Laboratory measurements of the concentration of dabigatran were performed centrally in this study and were not used to guide therapy. The results of one of these tests, the dilute thrombin time, were normal on study entry in nearly one quarter of the study population. This group of patients had little or no circulating anticoagulant in their blood and would not be expected to benefit from the administration of idarucizumab. Thus, it will be useful to have activity measurements available for the various direct oral anticoagulants in real time to help guide the treatment of such patients and to prevent overutilization of what will surely be a costly medication.
The development of antidotes that are able to neutralize the activity of the various direct oral anticoagulants rapidly and completely is an important advance. When they become available, guidelines and clinical pathways will need to be developed to care effectively for patients with, or at risk for, major bleeding related to direct oral anticoagulant use. Additional studies, however, will be required to determine in which situations the antidotes improve clinical outcomes.
This article was published on June 22, 2015, at NEJM.org.
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Hypothyroid patients who are taking levothyroxine (i.e., Synthroid), Cytomel, Thyrolar, or natural thyroid products like Armour and are in the normal thyroid range can give blood if they don’t have any other precluding conditions.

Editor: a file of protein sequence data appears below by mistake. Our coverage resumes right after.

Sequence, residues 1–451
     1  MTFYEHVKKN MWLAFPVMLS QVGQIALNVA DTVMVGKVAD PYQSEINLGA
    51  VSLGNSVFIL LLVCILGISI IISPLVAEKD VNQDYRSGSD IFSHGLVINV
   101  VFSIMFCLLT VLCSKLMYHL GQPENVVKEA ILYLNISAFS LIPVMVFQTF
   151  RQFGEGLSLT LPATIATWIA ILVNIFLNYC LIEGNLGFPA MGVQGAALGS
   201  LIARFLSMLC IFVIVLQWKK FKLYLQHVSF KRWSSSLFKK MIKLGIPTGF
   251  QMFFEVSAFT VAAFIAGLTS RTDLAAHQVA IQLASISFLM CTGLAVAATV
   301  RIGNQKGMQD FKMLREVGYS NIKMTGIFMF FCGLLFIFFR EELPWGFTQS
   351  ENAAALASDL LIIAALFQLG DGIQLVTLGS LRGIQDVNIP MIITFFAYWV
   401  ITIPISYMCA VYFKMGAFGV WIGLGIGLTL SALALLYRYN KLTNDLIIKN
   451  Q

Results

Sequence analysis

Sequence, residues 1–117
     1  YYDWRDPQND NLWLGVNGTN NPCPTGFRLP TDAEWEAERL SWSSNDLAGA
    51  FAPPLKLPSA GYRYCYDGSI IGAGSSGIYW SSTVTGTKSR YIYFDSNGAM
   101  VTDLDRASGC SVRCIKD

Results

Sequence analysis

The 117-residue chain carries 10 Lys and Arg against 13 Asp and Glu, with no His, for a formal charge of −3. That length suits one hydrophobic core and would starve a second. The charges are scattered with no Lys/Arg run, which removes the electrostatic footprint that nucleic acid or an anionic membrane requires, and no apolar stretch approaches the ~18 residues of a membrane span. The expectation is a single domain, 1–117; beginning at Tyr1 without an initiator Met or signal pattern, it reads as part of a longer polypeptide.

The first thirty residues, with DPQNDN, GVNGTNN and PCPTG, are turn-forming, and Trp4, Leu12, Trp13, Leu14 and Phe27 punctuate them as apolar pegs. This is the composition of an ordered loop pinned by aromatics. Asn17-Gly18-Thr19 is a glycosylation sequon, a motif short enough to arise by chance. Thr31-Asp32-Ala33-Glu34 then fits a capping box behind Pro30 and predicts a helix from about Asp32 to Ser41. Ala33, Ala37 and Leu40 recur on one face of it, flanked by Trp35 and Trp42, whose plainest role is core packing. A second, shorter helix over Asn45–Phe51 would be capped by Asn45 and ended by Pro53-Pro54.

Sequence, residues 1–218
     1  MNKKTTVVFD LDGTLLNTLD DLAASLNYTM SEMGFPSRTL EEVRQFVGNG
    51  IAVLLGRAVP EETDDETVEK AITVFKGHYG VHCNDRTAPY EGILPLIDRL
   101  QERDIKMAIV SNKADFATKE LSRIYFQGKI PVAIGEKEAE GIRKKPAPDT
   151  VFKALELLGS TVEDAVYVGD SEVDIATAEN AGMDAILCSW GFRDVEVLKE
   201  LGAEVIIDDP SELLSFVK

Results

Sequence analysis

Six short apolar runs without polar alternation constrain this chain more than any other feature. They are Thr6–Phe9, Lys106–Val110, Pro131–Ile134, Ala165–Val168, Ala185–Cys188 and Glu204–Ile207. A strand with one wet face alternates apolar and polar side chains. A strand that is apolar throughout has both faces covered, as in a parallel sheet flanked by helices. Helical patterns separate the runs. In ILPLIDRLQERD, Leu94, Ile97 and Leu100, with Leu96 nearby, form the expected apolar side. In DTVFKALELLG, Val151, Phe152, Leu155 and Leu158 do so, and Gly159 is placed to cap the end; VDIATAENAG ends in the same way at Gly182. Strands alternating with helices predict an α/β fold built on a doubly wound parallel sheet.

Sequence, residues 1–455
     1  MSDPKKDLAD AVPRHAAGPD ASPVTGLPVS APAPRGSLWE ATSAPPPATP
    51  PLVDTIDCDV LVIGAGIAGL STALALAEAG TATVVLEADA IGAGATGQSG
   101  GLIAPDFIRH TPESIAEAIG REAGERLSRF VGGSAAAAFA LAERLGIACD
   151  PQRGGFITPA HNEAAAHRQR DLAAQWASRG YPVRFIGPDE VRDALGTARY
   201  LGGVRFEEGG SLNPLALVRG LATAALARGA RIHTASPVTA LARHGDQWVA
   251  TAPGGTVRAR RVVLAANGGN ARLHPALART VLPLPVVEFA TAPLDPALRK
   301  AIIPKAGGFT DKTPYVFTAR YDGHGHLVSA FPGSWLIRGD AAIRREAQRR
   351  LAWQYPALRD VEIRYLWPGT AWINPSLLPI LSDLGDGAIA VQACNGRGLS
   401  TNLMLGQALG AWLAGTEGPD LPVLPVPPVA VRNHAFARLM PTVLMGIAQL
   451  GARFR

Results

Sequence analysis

Graves’ disease or hyperthyroidism patients who are on antithyroid medicines, or who are not currently in normal thyroid range, cannot give blood.
Anyone with any other autoimmune disease should not give blood, unless they are asymptomatic and off all medications for one month.
In thyroid patients, and some of the more common autoimmune disease, you specifically should NOT give blood if you have:
Sinus or respiratory infections, colds or flu symptoms
Rheumatoid Arthritis, if you’re on steroids or immunosuppressive drugws
Lupus, unless asymptomatic, and off all medication for at least a month
Also, you can’t give blood if you:
Have ever used illegal intravenous drugs, even once
Are a man who has had sex with another man since 1977, even once
Are a hemophiliac
Have had a positive HIV test
Have had hepatitis any time after your eleventh birthday
Have had cancer (except localized skin cancer)
Have had a heart attack or stroke
Have taken Tegison for psoriasis
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A US Food and Drug Administration (FDA) advisory committee voted 8 to 3 to recommend marketing approval of soluble ferric pyrophosphate (SFP; Triferic, Rockland Medical) as a parenteral iron agent to treat iron loss or iron deficiency and to maintain hemoglobin in adults with hemodialysis-dependent chronic kidney disease.
However, members of the Oncologic Drugs Advisory Committee also recommended to FDA staff members that Rockland Medical, based in Wixom, Minnesota, conduct postapproval studies, should the FDA go along with the committee’s recommendation, into the safety and efficacy of the agent during prolonged use.